José Luis Chávez, EdD (University of Southern California). Clinical Professor. Higher education leadership and administration.
Rebecca Clothey, PhD (University of Pittsburgh). Assistant Professor. Comparative and international education, education of ethnic and linguistic minorities, sociology of education.
James Connell, PhD (Louisiana State University) Clinical Director and Research Fellow, A.J. Drexel Autism Institute. Associate Professor. Identifying the variables that influence adult behavior change in community settings; autism intervention; widespread dissemination of evidence-based interventions in school and community settings.
D. Brent Edwards, PhD (University of Maryland). Assistant Clinical Professor. Global and international education
Salvatore V. Falletta, EdD (North Carolina State University). Associate Clinical Professor. Human Resource intelligence (i.e., HR research and analytics practices); HRD assessment, measurement, and evaluation models and taxonomies; organizational diagnostic models; web-based employee and organizational survey methods, and computational modeling.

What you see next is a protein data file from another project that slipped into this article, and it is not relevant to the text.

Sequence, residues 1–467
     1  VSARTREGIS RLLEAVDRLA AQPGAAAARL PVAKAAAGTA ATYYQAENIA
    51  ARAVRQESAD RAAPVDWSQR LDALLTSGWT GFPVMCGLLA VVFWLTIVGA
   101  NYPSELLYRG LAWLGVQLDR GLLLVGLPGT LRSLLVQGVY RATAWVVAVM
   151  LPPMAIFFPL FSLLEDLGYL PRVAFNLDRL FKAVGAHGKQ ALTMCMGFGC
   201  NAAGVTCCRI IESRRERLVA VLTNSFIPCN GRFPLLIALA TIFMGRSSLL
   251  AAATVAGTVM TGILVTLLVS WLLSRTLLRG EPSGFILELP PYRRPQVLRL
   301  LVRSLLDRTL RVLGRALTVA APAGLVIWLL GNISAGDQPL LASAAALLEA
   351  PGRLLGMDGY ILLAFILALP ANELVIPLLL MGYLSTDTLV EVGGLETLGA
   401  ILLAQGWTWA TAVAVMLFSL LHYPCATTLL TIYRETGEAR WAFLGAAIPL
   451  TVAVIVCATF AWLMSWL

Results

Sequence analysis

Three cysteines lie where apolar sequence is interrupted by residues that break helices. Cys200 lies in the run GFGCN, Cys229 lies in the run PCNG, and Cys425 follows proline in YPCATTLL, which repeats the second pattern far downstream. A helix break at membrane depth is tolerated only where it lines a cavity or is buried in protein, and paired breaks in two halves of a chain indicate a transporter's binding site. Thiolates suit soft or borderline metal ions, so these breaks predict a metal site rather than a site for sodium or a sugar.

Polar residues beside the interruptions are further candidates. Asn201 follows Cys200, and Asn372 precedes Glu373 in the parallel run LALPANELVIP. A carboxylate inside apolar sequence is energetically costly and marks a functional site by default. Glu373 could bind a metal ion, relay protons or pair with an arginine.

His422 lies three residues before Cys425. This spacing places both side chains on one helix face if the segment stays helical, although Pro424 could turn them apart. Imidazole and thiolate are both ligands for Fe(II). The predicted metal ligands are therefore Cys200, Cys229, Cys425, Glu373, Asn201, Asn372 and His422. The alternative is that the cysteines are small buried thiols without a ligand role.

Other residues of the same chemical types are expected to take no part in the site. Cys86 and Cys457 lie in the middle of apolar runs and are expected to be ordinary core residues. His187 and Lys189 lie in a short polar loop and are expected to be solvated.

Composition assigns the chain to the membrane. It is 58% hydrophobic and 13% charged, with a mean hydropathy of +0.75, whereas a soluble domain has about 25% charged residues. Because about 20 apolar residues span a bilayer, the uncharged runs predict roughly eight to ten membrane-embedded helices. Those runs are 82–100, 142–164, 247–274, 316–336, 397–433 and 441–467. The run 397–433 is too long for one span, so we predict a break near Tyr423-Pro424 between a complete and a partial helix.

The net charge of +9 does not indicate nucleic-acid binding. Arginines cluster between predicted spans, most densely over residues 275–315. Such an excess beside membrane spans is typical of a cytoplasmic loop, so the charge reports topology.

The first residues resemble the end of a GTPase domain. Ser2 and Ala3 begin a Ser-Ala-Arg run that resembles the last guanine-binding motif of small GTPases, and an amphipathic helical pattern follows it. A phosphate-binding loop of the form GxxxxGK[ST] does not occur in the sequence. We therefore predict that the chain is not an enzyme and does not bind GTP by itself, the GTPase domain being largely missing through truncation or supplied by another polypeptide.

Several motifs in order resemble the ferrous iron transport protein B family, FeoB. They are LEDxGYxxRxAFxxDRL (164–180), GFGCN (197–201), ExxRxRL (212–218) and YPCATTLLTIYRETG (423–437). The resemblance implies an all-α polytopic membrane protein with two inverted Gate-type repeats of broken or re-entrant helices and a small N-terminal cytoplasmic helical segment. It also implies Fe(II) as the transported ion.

Aroutis N. Foster, PhD (Michigan State University). Associate Professor. Educational psychology and educational technology, especially the following: Motivation; Technological Pedagogical Content Knowledge (TPACK); Immersive Interactive Digital Environments (simulation, games, virtual realities.
Kathy Geller, PhD (Fielding Graduate University). Assistant Clinical Professor. Educational leadership and management.
Rajashi Ghosh, PhD (University of Louisville, Kentucky). Associate Professor. Mentoring and leader development, workplace Incivility, workplace learning and development.
Roger Geertz Gonzalez, PhD (Pennsylvania State University). Associate Clinical Professor. Civic engagement, college student identity development, indigenous higher education, comparative higher education access policies.
John M. Gould, PhD (University of Pittsburgh) Harrisburg EdD Educational Leadership & Change Program. Associate Clinical Professor. Change leadership, curriculum re-design, the impact of technology on learning.
Mary Jo Grdina, PhD (Case Western Reserve University). Associate Clinical Professor. Undergraduate studies, science education, curriculum design.
Dominic F. Gullo, PhD (Indiana University) Associate Dean of Research. Professor. Studying the relative and long-range effects of early schooling experiences in prekindergarten and kindergarten on children's achievement and social adaptation to school routine.
Penny Hammrich, PhD (University of Minnesota) Associate Dean for Graduate Studies. Professor. Urban education; science education; genetics; gender equity; science knowledge for conceptual teaching; sport science.